Olympics fever is about to hit our screens. What better time to catch up with sprint athlete Abi Oyepitan, a double Olympian and Commonwealth Gold and Silver medalist. She spills the beans on her six-year struggle with injury, her hard-won London 2012 comeback and unveils her new Speed Fiend class, coming soon to Third Space.
It’s the Athens 2004 Olympics. You make it to the finals for the 200m event – the first time a British woman reaches an Olympic sprint final since Kathy Cook. How o you feel?
It was the best thing that had ever happened to me. My parents are hard-working and very traditional Nigerians. They wanted me to be a lawyer. But when I went to Athens they finally realised that what I was doing was worth it. I reached the semi-finals in the 100m – missing the final by one place. I then smashed my personal best in the 200m, coming seventh overall. I was the sixth fastest female runner in the world, and yet, at the time, I don’t think I really appreciated it. When you are at that level of competition, all you are thinking about is the next event.
Had you always dreamed of being an Olympic athlete?
I remember seeing Sally Gunnel in Barcelona and Roger Black in Atlanta achieving great things for British athletics, and I thought it would be amazing to go to the Olympics one day but I didn’t know how I was going to get there. I did a lot of sport at my middle school, in Harrow, playing rounders and netball. I obviously loved the 100m sprint. That was always my event. One of the teachers was passionate about athletics and encouraged me to compete in inter-school competitions. At first I wasn’t very good, but over the years I had a lot of coaching and I improved. I joined the Shaftesbury Barnet Harriers athletics club and in 1998 I competed in my first major event, the World Junior Athletics Championships, finishing fourth in the British 100m relay. I carried on competing in various events, throughout my time at Brunel University, winning sponsorship from Adidas. Eventually I qualified for both the 100m and 200m at the 2004 Olympics.
After Athens, you suffered a major setback. What happened?
I had a lump on my shin. It had been there for some time, but I was ignoring it in the run-up to Athens. I finally got it checked out after the Olympics and was told it was a stress factor. I went through months of rehab and tried to come back in 2006 but was really struggling to run well. I ended up having an operation at the end of 2006 and it took two years to heal.You then discovered a problem with your Achilles tendon.Yes – having missed the whole of the 2006 season, it transpired that I needed to have two further operations on my Achilles in 2007 and 2008. I was essentially out of the game for six years.
What did that time teach you?
In athletics, as in many other sports, you need to be prepared for setbacks. Often you will take two steps forward only to go three steps back. It can be very frustrating, but there are many coping mechanisms. I learnt to stay positive and to just accept what was happening. There is no point dwelling on your adversity – you have to find a way out and work towards it. I realised that I couldn’t just let the doctors rule my life: I had to rely on myself. Psychologically that gave me a lot of strength. Now I feel that I can do anything, because I got through that really tough time in my life.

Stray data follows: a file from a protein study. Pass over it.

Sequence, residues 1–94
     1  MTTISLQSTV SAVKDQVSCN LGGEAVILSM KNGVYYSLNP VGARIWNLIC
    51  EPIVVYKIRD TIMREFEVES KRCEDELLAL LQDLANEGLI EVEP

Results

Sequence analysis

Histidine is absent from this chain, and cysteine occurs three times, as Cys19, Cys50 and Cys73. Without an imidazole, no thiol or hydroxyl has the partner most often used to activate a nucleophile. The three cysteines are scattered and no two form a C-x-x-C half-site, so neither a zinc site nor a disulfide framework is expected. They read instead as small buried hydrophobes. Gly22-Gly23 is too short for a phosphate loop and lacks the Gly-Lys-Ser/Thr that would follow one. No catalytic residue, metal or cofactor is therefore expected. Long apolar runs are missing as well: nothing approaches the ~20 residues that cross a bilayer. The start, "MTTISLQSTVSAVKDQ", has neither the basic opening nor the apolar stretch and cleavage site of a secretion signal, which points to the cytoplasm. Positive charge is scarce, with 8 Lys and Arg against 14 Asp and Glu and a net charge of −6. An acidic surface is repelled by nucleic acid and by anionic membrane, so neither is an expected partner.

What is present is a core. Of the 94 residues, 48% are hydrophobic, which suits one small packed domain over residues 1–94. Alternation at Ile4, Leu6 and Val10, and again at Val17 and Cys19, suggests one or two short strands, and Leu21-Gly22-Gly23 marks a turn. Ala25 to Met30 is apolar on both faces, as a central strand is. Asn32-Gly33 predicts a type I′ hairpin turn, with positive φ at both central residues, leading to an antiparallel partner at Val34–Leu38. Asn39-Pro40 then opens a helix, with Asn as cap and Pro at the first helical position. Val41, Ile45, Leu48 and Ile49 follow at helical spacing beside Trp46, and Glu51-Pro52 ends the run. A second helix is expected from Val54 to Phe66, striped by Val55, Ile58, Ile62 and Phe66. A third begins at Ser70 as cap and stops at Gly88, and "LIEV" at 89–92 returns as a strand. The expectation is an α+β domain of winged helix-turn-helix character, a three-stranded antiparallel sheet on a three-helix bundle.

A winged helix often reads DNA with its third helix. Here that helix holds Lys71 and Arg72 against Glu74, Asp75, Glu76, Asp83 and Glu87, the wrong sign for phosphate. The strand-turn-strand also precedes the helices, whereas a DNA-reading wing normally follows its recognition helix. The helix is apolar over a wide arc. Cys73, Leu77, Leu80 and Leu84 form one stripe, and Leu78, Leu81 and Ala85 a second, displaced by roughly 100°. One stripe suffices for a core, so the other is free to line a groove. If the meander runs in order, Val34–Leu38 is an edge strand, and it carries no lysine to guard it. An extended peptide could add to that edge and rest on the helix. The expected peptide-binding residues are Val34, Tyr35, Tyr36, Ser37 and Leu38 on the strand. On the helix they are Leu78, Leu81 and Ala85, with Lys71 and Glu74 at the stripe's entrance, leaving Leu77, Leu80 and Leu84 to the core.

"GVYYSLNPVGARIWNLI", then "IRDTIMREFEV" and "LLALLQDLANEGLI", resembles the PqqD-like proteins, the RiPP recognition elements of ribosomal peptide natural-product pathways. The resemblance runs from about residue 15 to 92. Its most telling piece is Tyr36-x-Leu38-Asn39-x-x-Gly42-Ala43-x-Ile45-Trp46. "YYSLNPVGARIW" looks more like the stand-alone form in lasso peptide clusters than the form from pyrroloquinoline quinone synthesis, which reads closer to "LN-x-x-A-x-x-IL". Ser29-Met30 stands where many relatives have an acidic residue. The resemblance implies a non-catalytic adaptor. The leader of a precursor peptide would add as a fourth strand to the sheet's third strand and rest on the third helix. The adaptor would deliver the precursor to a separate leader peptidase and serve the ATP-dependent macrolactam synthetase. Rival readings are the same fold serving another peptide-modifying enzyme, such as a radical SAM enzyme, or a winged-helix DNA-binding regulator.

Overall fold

Indeed, in 2012, you made it to the starting line of the 100m and 200m events at London 2012. Did you feel vindicated?
Competing in London, my home town, was absolutely amazing. I knew that nothing like that would ever come to this city ever again and I was so proud to be part of it. I was the only sprinter to make it to the semi-finals for both of my events. My times also meant I regained my status as the fastest woman in the country for both distances.
How important is sport psychology in sprinting?
Doing well in a sprint event is often down to your mental strength as much as your physical strength. You have to be so focussed on yourself – sprinting is a very individual sport. You have to shut out everything that is going on around you and zoom in your race. It is so easy to be overcome by nerves. The best people are often not the ones who can run the fastest but the ones who can hold their nerve.
You decided to hang up your spikes following London 2012. What are you working on now?
I tried working in an office for a while, but it was not for me. So I decided to stay in the world of sport. I have been a personal trainer at Third Space since 2013, a role which I thoroughly enjoy. My clients are inspiring and I love seeing them progress. I am a mentor for the Youth Sports Trust @youthsporttrust and I do a bit of public speaking. I am also co-founder of natural beauty brand @lihabeauty
What are the three most common mistakes runners make?
1. Not using their arms – inactive arms means inactive legs. In sprinting you want to ensure you are moving your arms efficiently and effectively in order to gain speed.
2. Dorsiflexion – means when you land on the balls of your feet. If you are landing on your heels in sprinting you are taking too long on the ground. If you are landing on your toes you are effectively braking and having to restart again. Power comes from mid-foot running in order to drive forward.
3. Stride length – some people tend to take really short strides and almost pedal back with their legs. In sprinting you need high knees and good leg extensions to cover as much ground in fewer strides possible but be careful not to over stride.
Inspired? Follow Abi on Twitter at @abioyepitan